Oakland Cemetery (http://www.oaklandcemetery.com/) is situated in downtown Atlanta – you can see it from Six Feet Under in Grant Park. It’s a garden cemetery, founded in 1850, and is the final resting place of many of Atlanta’s settlers, builders and most noted citizens, such as Bobby Jones (famous golfer), Margaret Mitchell (wrote Gone with the Wind) and Maynard Jackson (first African American elected mayor in a southern city). I found it interesting to walk through the massive headstones of families with names we see every day around town: Inman, Krog, etc.
As our tour guide walked us around the cemetery grounds, he told stories about some of the historically-notable permanent residents. The story I liked the most is that apparently when Obama was elected, the groundsmen found a number of newspapers placed across Maynard Jackson’s grave. Another one I liked (as pictured below), is that golfers place golf balls on Bobby Jones’ grave for good luck.
I expected to get a brief history lesson at Oakland, but I did not expect to see so much truly amazing architecture. Some of the mausoleums incorporated Tiffany glass! I was very surprised to find this architectural “oasis” overlooking a steel mill, local restaurants and downtown’s skyscrapers. Most of all, I was shocked at the number of people casually strolling, picnicking and going for a morning jog around the cemetery grounds.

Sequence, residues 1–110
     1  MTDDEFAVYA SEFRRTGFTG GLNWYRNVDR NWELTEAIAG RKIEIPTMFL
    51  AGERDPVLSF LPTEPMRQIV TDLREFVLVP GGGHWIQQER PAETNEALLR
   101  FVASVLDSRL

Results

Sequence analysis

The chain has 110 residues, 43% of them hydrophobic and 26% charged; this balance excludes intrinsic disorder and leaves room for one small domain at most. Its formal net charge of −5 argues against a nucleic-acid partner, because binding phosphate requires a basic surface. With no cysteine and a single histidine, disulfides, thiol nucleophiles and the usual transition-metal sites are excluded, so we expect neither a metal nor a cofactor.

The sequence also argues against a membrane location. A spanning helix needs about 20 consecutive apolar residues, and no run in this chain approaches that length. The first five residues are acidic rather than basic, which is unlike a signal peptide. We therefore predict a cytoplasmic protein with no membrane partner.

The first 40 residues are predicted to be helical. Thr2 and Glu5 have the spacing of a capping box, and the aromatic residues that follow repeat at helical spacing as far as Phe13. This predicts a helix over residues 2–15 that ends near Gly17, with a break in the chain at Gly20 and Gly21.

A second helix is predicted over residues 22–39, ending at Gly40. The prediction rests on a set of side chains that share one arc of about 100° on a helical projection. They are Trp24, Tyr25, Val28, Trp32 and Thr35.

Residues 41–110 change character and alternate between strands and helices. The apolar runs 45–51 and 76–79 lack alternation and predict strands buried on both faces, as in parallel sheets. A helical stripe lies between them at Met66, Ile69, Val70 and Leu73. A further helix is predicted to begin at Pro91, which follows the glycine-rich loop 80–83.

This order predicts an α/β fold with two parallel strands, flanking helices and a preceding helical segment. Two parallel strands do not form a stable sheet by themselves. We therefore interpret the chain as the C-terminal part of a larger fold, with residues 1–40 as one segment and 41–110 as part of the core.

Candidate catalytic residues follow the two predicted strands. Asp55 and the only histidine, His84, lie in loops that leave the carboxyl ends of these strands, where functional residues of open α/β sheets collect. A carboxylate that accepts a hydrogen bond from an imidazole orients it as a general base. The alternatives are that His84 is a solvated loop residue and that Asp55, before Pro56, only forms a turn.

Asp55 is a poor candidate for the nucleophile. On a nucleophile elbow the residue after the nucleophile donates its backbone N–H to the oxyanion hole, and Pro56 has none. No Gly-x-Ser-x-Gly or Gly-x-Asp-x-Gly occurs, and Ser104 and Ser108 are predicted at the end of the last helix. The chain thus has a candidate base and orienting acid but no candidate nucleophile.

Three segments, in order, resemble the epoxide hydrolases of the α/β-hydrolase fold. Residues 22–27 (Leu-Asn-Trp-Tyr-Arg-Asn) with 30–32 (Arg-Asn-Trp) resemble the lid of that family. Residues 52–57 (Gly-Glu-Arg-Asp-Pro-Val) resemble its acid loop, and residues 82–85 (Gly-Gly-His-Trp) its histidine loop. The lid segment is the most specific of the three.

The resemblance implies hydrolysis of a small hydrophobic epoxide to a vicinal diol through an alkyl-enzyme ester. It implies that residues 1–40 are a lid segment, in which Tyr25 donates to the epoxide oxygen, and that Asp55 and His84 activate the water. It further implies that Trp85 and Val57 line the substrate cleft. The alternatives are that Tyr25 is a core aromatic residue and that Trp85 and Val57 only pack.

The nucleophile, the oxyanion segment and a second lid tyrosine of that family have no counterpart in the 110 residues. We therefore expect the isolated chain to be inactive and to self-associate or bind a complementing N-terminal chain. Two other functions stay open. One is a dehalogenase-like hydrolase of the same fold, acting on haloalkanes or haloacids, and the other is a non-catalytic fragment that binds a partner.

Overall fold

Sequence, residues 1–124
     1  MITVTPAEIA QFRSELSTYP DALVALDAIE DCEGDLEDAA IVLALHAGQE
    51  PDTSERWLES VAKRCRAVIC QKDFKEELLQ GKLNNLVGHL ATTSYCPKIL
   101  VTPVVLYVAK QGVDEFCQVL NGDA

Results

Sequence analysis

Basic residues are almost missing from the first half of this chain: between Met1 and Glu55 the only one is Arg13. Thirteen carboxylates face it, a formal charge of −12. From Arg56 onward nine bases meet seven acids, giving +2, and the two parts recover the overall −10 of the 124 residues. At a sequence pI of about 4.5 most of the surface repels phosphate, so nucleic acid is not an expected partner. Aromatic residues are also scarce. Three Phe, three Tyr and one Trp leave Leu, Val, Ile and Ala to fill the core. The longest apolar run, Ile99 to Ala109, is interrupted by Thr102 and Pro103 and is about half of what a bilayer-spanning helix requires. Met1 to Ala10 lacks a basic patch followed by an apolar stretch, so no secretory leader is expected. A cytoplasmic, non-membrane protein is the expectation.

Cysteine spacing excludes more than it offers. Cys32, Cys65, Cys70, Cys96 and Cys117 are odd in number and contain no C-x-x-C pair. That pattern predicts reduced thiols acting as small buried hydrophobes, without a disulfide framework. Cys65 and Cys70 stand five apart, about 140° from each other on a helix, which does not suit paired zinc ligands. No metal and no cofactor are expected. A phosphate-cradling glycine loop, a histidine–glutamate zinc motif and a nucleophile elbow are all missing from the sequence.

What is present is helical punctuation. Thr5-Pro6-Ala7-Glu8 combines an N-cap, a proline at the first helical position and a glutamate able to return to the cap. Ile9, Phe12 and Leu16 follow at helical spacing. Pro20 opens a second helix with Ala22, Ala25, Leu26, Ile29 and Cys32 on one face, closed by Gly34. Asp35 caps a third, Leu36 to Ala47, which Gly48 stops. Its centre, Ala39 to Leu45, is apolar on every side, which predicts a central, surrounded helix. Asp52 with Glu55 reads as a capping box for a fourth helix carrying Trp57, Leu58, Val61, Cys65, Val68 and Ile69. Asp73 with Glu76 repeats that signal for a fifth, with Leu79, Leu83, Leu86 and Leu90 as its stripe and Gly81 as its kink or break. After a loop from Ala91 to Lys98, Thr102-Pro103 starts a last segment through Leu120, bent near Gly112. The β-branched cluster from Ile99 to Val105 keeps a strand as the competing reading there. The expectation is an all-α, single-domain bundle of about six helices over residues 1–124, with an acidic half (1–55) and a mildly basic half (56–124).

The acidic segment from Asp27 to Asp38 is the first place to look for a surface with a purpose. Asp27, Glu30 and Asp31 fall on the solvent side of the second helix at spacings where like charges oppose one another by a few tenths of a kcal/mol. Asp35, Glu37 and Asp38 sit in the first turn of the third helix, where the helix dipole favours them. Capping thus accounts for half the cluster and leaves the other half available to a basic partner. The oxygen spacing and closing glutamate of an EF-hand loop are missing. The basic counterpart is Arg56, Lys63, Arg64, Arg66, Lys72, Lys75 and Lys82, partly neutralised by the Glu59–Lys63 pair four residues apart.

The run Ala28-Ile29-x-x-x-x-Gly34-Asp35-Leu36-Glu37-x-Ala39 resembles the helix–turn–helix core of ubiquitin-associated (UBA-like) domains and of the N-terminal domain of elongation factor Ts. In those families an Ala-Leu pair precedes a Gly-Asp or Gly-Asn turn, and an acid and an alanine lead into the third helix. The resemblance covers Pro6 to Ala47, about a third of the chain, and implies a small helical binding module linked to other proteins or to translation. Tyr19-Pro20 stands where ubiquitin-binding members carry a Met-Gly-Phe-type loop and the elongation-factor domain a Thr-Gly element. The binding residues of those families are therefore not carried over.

Most of Oakland’s tours occur during the day, however, our guide told us that the cemetery offers an evening tour a week prior to Halloween. I think that sounds amazing!
Overall, I did not find Oakland Cemetery to be gloomy or mournful, but instead, a beautiful historical site worthy of an afternoon walk or picnic with out-of-towners or anyone interested in learning a bit about Atlanta’s rich history. It’s free to visit and a totally creative, recessonista outing! (Plus, it’s right next to some of my favorite eats: Agave (amazing margaritas), Six Feet Under (great shrimp and scallops cooked in parchment paper) and Ria’s Bluebird (delicious brunch)!